All of this – jobs, prices, new industries – appears to make solar towers with molten storage a no-brainer.
First, on the subject of jobs: Port Augusta will suffer from the loss of Leigh Creek and the closure of the Northern coal power plant. A solar tower and storage plant will offer some 1,000 jobs in construction, and possibly more than 50 once it is up and running.
Second, on the need for storage: As the Australian Energy Market Operator made clear in its report last week, the South Australian market is not facing any increased disruption from the departure of Northern. But over time it does need to source local, dispatchable generation that can meet changes in demand and provide ancillary services – and generate more competition in a market that will be dominated by two players, AGL and Engie.
Simply using the auction to reinforce the position of an existing player in a two-player market appears to defy logic.
Thirdly, on the matter of costs: On the face of it, solar tower and storage can appear expensive. But that is to ignore the value of storage and what it is competing against.
Mike Sandiford, an energy expert from the University of Melbourne, has done an interesting analysis that underlines the case and the opportunity for solar tower and storage, one of many technologies under the banner of concentrated solar power, or CSP.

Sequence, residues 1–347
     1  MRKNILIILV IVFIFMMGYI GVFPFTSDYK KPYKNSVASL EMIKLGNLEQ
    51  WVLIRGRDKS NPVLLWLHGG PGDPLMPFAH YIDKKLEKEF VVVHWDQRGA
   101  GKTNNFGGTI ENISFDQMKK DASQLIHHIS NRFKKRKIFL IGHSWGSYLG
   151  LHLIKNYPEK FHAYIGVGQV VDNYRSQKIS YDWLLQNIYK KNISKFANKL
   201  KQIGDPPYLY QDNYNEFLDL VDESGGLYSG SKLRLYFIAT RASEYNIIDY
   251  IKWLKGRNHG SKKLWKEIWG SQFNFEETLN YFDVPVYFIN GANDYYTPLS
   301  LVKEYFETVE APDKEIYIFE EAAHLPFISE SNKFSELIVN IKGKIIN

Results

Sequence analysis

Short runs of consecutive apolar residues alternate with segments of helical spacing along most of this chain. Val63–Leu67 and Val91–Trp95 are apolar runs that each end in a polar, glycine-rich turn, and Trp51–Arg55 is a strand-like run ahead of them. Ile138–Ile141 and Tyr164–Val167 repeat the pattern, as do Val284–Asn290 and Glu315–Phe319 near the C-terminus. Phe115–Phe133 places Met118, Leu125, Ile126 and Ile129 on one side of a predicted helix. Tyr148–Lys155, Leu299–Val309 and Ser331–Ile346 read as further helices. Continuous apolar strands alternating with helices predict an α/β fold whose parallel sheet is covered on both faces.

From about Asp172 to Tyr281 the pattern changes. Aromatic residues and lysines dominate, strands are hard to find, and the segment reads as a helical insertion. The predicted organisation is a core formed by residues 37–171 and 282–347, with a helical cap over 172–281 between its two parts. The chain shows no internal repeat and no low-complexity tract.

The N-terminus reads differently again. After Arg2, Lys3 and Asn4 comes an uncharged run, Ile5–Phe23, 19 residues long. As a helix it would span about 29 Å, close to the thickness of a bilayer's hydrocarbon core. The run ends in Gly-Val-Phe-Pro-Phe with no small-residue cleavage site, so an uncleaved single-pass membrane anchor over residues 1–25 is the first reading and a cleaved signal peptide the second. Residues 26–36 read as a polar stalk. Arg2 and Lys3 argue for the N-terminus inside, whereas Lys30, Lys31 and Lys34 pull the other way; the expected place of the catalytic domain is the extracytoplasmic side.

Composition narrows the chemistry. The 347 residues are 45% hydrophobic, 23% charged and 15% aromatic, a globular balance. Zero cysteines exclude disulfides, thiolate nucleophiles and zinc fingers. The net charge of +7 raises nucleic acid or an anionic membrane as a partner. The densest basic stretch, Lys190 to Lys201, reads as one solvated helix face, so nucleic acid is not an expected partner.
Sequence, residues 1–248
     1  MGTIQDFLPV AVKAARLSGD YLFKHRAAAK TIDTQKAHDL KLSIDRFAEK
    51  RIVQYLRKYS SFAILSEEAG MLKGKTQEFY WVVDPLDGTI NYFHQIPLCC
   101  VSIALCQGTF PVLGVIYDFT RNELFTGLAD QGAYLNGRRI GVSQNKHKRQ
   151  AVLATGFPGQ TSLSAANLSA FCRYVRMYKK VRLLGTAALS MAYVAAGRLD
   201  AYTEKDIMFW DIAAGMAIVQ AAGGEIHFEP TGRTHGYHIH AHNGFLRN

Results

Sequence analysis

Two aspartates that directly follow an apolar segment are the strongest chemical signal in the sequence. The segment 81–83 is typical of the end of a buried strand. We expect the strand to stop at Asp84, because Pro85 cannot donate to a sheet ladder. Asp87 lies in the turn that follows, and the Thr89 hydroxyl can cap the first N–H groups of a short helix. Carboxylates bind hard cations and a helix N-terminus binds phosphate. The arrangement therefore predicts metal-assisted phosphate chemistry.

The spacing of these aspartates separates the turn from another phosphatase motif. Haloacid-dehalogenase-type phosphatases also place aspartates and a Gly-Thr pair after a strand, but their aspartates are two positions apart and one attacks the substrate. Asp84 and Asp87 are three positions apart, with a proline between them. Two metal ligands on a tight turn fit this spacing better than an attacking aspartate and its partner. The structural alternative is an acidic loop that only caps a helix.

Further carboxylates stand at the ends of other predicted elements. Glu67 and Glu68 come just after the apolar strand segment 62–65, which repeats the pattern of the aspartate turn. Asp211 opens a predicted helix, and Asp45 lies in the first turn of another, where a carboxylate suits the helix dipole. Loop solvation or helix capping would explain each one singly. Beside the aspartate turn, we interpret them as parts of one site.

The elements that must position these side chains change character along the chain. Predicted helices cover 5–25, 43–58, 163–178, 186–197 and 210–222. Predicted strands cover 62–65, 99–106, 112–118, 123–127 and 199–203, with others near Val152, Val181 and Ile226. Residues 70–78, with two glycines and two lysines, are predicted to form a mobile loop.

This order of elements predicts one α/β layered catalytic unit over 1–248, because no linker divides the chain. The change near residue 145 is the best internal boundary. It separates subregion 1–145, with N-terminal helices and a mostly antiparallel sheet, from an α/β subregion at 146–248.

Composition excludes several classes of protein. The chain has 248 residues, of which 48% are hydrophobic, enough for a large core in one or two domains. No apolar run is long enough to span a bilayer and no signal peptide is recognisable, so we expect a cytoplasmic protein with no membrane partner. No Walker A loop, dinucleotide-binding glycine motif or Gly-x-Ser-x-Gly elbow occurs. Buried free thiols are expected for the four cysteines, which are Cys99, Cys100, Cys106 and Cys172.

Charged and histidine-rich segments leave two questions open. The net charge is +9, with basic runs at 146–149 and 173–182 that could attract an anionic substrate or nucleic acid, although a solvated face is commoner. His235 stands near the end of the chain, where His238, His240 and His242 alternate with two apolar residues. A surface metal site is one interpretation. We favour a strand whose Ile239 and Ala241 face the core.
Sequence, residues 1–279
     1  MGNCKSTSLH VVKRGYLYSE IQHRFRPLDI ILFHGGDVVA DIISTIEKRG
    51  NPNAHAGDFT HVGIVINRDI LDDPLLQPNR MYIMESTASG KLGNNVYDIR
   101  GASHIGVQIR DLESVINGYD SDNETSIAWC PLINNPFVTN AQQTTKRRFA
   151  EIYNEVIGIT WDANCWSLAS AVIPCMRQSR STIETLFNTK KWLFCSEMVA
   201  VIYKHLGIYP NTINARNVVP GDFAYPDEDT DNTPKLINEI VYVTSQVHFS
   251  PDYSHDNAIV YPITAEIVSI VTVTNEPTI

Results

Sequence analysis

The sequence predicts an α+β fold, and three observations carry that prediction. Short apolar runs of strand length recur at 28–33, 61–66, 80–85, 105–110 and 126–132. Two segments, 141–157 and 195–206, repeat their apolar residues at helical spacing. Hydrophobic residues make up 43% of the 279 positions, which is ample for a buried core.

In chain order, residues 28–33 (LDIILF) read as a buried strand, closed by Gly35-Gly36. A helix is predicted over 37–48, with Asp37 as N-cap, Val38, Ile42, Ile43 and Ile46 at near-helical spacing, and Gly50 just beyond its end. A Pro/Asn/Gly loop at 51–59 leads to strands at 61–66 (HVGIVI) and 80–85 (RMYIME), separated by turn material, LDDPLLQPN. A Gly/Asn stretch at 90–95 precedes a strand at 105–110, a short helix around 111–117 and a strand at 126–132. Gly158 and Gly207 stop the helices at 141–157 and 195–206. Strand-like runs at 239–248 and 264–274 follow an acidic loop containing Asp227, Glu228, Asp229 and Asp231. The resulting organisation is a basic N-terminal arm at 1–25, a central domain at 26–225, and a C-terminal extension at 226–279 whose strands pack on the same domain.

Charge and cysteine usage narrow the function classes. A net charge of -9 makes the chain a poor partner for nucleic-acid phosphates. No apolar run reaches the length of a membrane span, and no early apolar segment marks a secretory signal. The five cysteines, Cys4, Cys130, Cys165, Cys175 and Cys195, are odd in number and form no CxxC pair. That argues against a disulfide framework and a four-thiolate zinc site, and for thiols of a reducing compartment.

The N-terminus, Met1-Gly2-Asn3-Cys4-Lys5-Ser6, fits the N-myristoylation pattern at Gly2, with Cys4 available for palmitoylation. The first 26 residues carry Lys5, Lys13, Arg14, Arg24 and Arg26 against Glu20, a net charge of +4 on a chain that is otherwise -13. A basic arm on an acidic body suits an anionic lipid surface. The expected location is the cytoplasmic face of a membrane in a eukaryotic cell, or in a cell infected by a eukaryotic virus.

To boil it all down to a few paragraphs, Sandiford points out that CSP will essentially be competing with gas, which has been used to balance variations in demand, and more recently supply. South Australia, because of its relatively small industrial base, has the highest variations in demand in the country.
This means the marginal price of generation has often been set by gas. On average, he notes, there are around six hours a day where the wholesale price is pushed up by gas to $100/MWh – and three hours, on average, where it goes to around $140/MWh.
That is within the ball-park of new solar tower and storage technologies which are being built in north and southern Africa, and in north and southern America. A large CSP plant recently bid less than $US100/MWh in an auction for overnight power in Chile.
On top of this, a solar tower and storage plant could tap into renewable energy certificates (currently at around $80/MWh) and also capacity contracts of around $10/MWh.
That would suggest that such a plant could actually source revenues of around $200/MWh, which is about what the cost estimate of the technology was from Alinta, the owner of the Northern coal generator, before it’s much criticised decision to walk away from the idea.